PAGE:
Whiz Kid Vanity
Robert McNamara’s book reveals a high degree of vanity. He makes the point of his own brilliance, which may be a conscious, or subconscious effort to intimidate people from disagreeing with him. He establishes control by assertion of intellectual dominance. This is the kid who was in the top of his classes in grade school. This is the young man who graduates from Berkeley and Harvard Phi Beta Kappa. This is the young man who is asked to become a faculty member at Harvard. This is the young man who is asked to teach management and statistical analysis in World War Two. This is the young man whose force of intellect is brought into a group of “Whiz Kids” who take over the operation of Ford Motor Company from the grips of an unintellectual previous group.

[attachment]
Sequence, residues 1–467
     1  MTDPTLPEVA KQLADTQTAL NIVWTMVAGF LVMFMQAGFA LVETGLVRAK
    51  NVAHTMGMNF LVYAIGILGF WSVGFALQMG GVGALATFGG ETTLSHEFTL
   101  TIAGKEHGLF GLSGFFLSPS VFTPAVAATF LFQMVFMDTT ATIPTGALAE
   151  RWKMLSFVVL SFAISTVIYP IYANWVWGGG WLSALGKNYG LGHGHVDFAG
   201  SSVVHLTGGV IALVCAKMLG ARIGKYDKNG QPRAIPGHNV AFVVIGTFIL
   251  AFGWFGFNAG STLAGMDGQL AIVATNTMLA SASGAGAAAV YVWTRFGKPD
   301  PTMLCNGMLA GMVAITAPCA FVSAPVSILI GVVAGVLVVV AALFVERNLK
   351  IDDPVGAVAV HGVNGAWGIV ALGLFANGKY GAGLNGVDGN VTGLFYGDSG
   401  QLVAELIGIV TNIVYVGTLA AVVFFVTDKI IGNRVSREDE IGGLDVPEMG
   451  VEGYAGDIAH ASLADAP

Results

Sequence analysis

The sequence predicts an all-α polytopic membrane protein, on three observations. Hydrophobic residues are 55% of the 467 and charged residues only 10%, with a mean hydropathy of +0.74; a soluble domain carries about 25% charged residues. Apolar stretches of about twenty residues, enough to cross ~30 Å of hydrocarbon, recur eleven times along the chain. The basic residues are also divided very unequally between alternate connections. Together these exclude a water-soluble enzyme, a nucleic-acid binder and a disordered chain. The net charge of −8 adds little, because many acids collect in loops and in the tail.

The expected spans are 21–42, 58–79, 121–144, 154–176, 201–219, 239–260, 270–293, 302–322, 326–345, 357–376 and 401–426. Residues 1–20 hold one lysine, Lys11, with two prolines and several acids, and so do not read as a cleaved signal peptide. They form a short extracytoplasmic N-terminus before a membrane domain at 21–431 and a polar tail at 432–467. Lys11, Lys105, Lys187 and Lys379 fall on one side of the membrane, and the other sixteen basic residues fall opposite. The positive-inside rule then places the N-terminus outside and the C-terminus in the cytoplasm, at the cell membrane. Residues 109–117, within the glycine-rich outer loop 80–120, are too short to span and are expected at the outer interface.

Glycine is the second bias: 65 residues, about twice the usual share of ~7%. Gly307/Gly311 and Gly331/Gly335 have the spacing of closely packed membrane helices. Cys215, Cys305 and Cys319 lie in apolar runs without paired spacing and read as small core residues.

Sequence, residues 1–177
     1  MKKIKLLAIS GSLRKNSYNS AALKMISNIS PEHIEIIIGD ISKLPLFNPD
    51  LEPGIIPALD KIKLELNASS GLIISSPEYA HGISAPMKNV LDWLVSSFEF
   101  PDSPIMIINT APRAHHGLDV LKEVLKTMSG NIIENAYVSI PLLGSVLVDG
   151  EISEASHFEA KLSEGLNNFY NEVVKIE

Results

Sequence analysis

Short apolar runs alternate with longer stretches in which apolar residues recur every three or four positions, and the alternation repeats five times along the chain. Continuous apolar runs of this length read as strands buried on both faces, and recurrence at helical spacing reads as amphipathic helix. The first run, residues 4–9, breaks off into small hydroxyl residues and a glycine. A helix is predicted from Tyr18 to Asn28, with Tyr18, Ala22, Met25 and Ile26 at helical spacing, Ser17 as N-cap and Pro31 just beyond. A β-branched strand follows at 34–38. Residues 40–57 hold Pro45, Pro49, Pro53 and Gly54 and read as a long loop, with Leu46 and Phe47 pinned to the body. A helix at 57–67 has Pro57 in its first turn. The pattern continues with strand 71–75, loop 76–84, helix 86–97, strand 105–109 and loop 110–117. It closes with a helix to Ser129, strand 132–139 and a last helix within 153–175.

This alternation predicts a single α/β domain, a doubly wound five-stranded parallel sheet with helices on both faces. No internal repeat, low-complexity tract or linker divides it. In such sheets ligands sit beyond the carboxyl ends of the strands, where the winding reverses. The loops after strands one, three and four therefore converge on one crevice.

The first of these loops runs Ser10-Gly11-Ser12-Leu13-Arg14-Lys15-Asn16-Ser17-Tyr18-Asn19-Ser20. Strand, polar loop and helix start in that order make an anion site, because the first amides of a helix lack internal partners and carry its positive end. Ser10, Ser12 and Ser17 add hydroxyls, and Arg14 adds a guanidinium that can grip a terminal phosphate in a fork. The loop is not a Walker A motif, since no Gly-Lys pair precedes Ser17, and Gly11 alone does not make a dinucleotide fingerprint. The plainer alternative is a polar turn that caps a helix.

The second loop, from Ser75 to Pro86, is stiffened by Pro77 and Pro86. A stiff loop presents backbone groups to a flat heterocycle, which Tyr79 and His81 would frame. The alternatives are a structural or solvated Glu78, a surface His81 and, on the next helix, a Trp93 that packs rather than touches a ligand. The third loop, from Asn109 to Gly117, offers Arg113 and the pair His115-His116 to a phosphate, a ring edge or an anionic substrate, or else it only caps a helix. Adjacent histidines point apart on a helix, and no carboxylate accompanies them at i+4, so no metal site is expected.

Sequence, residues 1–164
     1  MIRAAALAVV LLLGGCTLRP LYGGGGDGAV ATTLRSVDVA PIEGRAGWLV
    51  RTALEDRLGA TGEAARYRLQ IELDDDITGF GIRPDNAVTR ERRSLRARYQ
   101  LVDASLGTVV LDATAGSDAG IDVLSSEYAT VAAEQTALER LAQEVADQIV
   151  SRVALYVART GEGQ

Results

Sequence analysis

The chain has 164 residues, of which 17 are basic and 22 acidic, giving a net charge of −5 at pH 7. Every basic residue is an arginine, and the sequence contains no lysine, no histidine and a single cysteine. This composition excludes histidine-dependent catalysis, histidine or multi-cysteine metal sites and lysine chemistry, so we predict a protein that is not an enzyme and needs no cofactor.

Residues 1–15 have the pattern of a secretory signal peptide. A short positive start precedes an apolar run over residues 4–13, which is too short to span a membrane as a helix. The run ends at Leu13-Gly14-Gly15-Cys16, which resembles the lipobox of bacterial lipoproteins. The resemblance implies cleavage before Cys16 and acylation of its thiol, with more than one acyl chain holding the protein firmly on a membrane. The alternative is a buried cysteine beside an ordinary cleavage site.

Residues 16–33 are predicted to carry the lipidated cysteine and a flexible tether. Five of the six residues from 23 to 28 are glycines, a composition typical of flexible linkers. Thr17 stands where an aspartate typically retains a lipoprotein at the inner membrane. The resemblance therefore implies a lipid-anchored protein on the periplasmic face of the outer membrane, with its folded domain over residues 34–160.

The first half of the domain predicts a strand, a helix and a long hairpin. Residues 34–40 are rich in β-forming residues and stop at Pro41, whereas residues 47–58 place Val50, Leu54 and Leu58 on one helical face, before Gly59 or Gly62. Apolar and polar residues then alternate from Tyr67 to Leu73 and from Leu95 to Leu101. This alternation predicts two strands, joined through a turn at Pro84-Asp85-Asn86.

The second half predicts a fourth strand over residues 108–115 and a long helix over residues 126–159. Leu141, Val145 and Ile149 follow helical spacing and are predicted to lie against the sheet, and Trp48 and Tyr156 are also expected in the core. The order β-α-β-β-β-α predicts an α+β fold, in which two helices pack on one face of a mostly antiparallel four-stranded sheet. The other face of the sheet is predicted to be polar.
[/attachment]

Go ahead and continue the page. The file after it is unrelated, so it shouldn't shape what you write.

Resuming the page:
The McNamara mind as the voice of authority is established as a power not to be trifled with, and is capable of seeing clearly and powerfully manipulating things from a distance through statistical and abstract analysis. In his system his intellect is not tested against anything but his own intellect, or other sympathetic intellects. He still fights the realization that there is a world other than that of his own restricted experience. His message is: I’m brilliant, I knew a lot of important top level people, and I’m right.
McNamara was a man who projected an imposing image. The straight penetrating looks through the trademark austere rimless glasses conveyed a stern forcefulness that intimidated. That initial contact established a type of dominance and control. It sold McNamara. It sold McNamara very quickly into positions that may have been over his head. There were assumptions made on the basis of that look. Suggestible and naive people projected qualities and capabilities to McNamara on the basis of this impression. The question is whether those attributes really existed over the long term.